Spiritual formation has, traditionally, been the work of the Christian family and of the church, particularly its teaching and pastoral ministries. Most evangelicals are aware of aspects of spiritual formation, even if they have never heard the word. Quiet Time. Personal Worship. Accountability. Discipleship groups. Mission trips. Choosing a Church. Knowing God’s Will. Prayer Life. Scripture memory. Personal retreats. Revival. Evangelism training. Re-dedication. These are some of the ways that evangelicals have talked about and attempted to carry out the important work of spiritual formation.
American evangelicals can point to hundreds of publications and programs aimed at some kind of spiritual formation result. The fact is that any honest, but generous judgement would say that after a century of moderate success, the twentieth century and beyond have witnessed an unparalleled failure of evangelicals in the area of spiritual formation. In other words, evangelicals are increasingly spiritually empty, and they are susceptible to a message that the world needs to be changed rather than themselves.
Both families and churches struggle in turning out disciples. American churches specialize in an consumerized, gnostic, experiential Gospel that is increasingly inseparable form the culture in which that church exists. American evangelicals have become as much like the dominant culture as it is possible to be and still exist at all. In fact, evangelicals continue to exist, in large measure, because they have mainstreamed the culture into their religion so that one’s Christianity hardly appears on the radar screen of life as any in any way different from the lives of other people. We are now about values, more than about Christ and the Gospel.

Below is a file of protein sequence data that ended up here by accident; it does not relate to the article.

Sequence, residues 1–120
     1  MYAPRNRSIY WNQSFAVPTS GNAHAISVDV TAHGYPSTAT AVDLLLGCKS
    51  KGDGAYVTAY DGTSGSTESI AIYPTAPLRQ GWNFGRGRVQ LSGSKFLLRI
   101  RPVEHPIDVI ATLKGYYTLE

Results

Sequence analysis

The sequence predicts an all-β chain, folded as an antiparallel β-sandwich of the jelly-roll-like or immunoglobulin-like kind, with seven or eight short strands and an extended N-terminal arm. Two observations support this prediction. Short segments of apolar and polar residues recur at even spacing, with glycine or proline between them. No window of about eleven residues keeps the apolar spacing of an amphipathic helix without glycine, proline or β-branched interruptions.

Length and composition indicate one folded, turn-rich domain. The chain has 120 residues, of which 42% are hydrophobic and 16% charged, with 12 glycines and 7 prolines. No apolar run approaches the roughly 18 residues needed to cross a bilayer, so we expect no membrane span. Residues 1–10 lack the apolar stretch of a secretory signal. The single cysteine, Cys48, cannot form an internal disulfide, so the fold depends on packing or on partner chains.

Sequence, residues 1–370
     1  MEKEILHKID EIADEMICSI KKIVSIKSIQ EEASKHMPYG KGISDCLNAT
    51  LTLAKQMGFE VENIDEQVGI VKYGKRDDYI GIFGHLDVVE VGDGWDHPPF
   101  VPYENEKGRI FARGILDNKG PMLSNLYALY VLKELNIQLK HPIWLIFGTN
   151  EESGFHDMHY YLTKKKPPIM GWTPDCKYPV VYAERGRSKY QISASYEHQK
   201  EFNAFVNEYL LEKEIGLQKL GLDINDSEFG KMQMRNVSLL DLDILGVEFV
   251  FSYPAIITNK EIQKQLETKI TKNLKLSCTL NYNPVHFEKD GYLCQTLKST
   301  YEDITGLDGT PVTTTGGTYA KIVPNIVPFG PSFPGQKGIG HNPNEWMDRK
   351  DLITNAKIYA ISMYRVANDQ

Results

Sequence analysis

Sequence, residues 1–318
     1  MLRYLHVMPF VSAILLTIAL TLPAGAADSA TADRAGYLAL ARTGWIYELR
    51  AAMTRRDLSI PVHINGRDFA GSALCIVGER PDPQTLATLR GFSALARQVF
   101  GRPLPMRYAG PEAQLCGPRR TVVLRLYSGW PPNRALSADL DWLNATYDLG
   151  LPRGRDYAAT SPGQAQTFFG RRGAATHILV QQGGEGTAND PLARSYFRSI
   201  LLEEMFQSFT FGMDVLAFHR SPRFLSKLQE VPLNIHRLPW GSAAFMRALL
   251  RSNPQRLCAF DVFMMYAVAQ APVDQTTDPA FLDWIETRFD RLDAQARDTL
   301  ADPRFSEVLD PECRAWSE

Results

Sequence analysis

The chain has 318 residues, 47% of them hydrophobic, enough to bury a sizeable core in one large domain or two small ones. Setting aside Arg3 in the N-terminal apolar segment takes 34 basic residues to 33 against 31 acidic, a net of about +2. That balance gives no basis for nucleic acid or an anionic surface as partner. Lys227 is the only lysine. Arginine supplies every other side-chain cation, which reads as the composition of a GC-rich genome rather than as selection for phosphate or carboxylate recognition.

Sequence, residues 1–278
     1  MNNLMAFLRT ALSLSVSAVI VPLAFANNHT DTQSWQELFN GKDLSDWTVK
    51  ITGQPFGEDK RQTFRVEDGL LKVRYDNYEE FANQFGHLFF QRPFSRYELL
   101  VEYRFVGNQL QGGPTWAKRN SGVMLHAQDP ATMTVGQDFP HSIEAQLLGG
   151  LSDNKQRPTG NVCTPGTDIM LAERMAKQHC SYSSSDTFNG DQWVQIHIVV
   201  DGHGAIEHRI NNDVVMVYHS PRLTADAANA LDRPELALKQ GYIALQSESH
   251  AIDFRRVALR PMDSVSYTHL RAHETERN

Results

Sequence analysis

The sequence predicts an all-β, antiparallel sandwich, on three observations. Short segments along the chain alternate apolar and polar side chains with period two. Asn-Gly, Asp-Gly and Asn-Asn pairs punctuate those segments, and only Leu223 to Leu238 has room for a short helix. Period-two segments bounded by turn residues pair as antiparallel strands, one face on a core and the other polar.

Evangelicals should come to terms with this: they are in every way virtually identical to suburban, white, upper middle class American culture. They are not as bad as the worst of that culture, but they are increasingly like the mainstream of that culture and are blown about by every wind of that consumerized and materially-addicted culture. In fact, go to many evangelical churches and the culture is so present, so affirmed, preached and taught that one would assume that there is nothing whatsoever counter-cultural about the affirmation that Jesus is Lord.
Spiritual formation is no longer interesting to most evangelical churches. Pentecostals want experience and megachurches want activity and support. The point at the end of it all is the expansion of the churches themselves and the ability of individual Christians to live in support of the church as the proper end of the earthly Christian life. The missional goal of most evangelical churches in America is the further growth of the church.